What is Amplitude Modulation Signal
- overview or tutorial about the basics of what is amplitude modulation, AM used for modulating a radio signal to carry sound or other information.
Amplitude modulation, AM tutorial includes:• Amplitude modulation introduction • AM theory & equations • AM spectrum & bandwidth • AM modulation index • Amplitude modulation efficiency • Single sideband modulation • Single sideband suppressed carrier
In order that a steady radio signal or "radio carrier" can carry information it must be changed or modulated in one way so that the information can be conveyed from one place to another. There are a number of ways in which a carrier can be modulated to carry a signal - often an audio signal and the most obvious way is to vary its amplitude.
Amplitude Modulation has been in use since the very earliest days of radio technology. The first recorded instance of its use was in 1901 when a signal was transmitted by a Canadian engineer named Reginald Fessenden. To achieve this, he used a continuous spark transmission and placed a carbon microphone in the antenna lead. The sound waves impacting on the microphone varied its resistance and in turn this varied the intensity of the transmission. Although very crude, signals were audible over a distance of a few hundred metres. The quality of the audio was not good particularly as a result of the continuous rasping sound caused by the spark used for the transmission.
Later, continuous sine wave signals could be generated and the audio quality was greatly improved. As a result, amplitude modulation, AM became the standard for voice transmissions.
Currently amplitude modulation is primarily used for broadcasting, but it is still used for some forms of two way radio communications. Its main radio communications use is for local aviation related VHF two way radio links. It is used for ground to air radio communications as well as two way radio links for ground staff as well.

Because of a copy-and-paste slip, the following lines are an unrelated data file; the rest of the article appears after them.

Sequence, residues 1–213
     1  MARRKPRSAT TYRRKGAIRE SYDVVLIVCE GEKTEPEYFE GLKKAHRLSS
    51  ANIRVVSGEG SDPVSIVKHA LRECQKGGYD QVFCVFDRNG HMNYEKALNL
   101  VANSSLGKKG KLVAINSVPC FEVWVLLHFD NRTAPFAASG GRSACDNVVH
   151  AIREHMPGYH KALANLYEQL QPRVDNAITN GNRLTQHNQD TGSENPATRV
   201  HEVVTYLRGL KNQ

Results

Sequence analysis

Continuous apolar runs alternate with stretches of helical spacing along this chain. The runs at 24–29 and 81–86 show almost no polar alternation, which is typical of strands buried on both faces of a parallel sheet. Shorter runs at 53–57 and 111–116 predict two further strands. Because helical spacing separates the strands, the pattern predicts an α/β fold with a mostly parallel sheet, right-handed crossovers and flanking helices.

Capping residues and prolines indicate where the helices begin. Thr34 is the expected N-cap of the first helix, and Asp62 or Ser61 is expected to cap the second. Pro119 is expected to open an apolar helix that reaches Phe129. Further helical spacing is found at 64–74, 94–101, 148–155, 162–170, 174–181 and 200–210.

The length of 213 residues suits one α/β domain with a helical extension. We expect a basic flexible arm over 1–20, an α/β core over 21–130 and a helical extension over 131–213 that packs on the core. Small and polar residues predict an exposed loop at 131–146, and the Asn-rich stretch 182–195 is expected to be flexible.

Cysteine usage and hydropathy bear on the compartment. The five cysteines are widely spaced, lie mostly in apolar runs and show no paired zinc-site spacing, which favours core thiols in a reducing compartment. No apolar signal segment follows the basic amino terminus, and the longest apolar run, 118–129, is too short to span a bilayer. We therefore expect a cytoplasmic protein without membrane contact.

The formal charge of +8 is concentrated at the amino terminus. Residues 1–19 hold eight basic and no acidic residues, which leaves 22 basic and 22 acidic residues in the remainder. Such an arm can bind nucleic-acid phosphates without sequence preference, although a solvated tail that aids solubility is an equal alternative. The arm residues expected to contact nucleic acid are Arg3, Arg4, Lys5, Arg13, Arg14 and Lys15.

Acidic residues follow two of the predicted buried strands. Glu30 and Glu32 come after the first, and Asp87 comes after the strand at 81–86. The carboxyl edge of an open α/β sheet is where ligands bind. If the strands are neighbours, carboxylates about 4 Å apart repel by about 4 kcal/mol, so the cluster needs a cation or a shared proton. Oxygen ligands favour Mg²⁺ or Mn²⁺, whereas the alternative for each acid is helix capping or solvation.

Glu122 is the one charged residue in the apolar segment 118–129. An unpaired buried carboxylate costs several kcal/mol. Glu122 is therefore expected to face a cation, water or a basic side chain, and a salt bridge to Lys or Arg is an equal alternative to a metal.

Amplitude modulation basics
When an amplitude modulated signal is created, the amplitude of the signal is varied in line with the variations in intensity of the sound wave. In this way the overall amplitude or envelope of the carrier is modulated to carry the audio signal. Here the envelope of the carrier can be seen to change in line with the modulating signal.
Amplitude Modulation, AM
Amplitude modulation, AM is the most straightforward way of modulating a signal. Demodulation, or the process where the radio frequency signal is converted into an audio frequency signal is also very simple. An amplitude modulation signal only requires a simple diode detector circuit. The circuit that is commonly used has a diode that rectifies the signal, only allowing the one half of the alternating radio frequency waveform through. A capacitor is used to remove the radio frequency parts of the signal, leaving the audio waveform. This can be fed into an amplifier after which it can be used to drive a loudspeaker. As the circuit used for demodulating AM is very cheap, it enables the cost of radio receivers for AM to be kept low.
Amplitude modulation advantages & disadvantages
Like any other system of modulation, amplitude modulation has several advantages and disadvantages. These mean that it is used in particular circumstances where its advantages can be used to good effect..
In view of its characteristics advantages and disadvantages, amplitude modulation is being used less frequently. However it is still in widespread use for broadcasting on the long, medium and short wave bands as well as for a number of mobile or portable communications systems including some aircraft communications.
Amplitude modulation related signals
Amplitude modulation forms the basis of a number of forms of signal apart from the basic mode. These signal formats are typically generated by removing or suppressing the carrier, and then utilising the sidebands. These formats are defined in greater detail in further pages of this tutorial.
|Double sideband, full carrier
i.e. basic AM
|DSB full carrier||A3E|
|Single sideband reduced carrier||SSB reduced carrier||R3E|
|Single sideband full carrier||SSB full carrier||H3E|
|Single sideband suppressed carrier||SSBSC||J3E|
While amplitude modulation is one of the simplest and easiest forms of signal modulation to implement, it is not the most efficient in terms of spectrum efficiency and power usage. As a result, the use of amplitude modulation is falling in preference to other analogue modes such as frequency modulation, and a variety of digital modulation formats. Yet despite this decrease, amplitude modulation is in such widespread use, especially for broadcasting, and many amplitude modulation signals can still be heard on the various long, medium and short wavebands where they will undoubtedly be heard for many years to come.
By Ian Poole
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